5. res/raw/ (required if you have any res/raw- folders)”

The information above was taken from the Android Developer Guidelines.

You can also create your directories, depending on what type of data you want to show.

If the app runs in a locale that doesn’t have an associated XML file, it will stop running and showcase an error message.

Android string Localization

After you’ve understood how to use the XML files to organize your default strings, you can start adding your entire content to the file.

Do your best to keep the code as clean as possible. Avoid adding random names to the strings. Also, it’s worth the effort to follow the Android guidelines for user interface strings.

By following the guidelines, it will streamline the process in the future and help with debugging or changes made to the app localization translation if you change the dev teams.

Android app Localization example

The example below showcases how the data in a Sign-in button should be integrated as a string. By adding the data as text strings, instead of a hardcoded text, the button will be translated automatically as long as the translation exists.

  1. Android app Localization example for sign-in button – “Sign in”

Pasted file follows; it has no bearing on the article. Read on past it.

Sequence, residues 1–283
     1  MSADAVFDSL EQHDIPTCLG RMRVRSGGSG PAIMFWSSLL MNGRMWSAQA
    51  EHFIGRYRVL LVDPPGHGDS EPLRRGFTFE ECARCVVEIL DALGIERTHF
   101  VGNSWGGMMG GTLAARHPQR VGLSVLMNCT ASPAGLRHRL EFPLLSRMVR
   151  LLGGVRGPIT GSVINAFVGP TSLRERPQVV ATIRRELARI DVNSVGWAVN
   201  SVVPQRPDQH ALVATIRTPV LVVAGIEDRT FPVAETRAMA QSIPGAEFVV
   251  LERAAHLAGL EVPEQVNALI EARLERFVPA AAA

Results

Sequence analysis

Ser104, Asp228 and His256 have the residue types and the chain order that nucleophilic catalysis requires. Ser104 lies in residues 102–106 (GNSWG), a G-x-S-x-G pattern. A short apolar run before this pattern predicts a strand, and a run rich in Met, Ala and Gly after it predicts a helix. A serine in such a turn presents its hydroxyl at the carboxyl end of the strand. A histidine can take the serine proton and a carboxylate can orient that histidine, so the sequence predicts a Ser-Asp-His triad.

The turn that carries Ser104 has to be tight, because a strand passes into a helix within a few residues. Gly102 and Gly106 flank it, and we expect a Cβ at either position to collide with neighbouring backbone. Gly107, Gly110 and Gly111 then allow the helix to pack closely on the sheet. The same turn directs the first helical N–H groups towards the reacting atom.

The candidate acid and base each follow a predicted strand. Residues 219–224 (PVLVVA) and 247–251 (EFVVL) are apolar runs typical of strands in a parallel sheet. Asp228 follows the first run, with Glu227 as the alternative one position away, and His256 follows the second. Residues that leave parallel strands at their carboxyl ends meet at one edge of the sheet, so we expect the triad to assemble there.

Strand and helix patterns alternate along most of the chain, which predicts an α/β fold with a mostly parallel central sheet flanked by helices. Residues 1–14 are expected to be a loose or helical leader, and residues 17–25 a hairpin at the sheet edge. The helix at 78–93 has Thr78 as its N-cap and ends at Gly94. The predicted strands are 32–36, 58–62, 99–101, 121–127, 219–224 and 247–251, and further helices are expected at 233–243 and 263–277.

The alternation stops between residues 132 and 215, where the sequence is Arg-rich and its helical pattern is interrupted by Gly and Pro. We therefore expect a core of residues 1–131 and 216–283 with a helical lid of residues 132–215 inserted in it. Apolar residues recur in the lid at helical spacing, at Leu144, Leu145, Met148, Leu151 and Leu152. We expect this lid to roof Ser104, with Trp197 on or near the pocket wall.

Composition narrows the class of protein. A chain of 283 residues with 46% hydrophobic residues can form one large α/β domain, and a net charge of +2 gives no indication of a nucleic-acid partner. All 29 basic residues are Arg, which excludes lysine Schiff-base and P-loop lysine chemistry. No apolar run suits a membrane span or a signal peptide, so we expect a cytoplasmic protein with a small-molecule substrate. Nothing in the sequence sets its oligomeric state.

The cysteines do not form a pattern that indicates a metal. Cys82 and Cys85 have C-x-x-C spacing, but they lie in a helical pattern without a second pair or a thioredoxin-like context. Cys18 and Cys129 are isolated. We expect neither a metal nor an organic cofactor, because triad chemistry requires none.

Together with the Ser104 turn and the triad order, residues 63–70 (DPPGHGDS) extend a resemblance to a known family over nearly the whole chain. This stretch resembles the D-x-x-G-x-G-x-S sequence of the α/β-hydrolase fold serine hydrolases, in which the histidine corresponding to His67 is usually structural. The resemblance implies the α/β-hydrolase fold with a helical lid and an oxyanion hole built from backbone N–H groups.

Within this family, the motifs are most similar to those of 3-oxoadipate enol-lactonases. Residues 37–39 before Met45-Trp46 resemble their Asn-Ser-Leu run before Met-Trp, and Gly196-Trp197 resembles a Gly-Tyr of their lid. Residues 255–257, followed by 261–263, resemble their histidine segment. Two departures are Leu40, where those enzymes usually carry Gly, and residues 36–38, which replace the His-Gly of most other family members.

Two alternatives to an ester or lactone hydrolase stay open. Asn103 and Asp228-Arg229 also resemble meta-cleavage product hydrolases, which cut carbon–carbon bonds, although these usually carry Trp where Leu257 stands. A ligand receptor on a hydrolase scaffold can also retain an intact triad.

2. Android app Localization example for Headers – “Check out or newest Mother’s Day sales”
  3. Android app Localization example for Notification -“Do you love our app?
    Tell others about your experience and review our app on the app store.”

Android localization tips

1. Use the checklist!

Android released an app store localization checklist that you can easily follow. You can find it here: Localization checklist.

2. Make sure your app works in all locales

If even one text string is missing, the locale will be unsupported and the app will crash. Because of this, design your app to function on multiple locales and devices.

3. Create a Flexible Design

When data changes automatically, you won’t have the luxury to perfectly align every word or image. Because of this, when thinking about how to internationalize an app, you need to take into consideration how the translated text will affect the design.

German has long words that may not fit in your screen. The Chinese language needs larger fonts but fewer characters. Create an auto layout that changes width or sizes accordingly.

Look over what other apps have done and make sure everything is simple. Try to stay away from custom designs for each language, as these are harder to maintain.

4. Test on an emulator

You don’t need to have tens of phones or Android versions to internationalize your Android app. Mobile app localization testing can be done using emulators.

5. Use experts to localize your app

You can find app localization managers and experts in 2 places:

  1. Check your Android Studio for a list of app translation services.